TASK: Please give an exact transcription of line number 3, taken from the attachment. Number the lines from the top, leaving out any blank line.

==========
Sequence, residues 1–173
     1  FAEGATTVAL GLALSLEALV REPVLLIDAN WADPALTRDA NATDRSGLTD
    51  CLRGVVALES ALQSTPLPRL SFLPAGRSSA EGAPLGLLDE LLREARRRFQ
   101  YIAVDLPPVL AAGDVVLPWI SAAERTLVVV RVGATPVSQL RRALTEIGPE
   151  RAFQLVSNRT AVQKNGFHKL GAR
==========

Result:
    51  CLRGVVALES ALQSTPLPRL SFLPAGRSSA EGAPLGLLDE LLREARRRFQ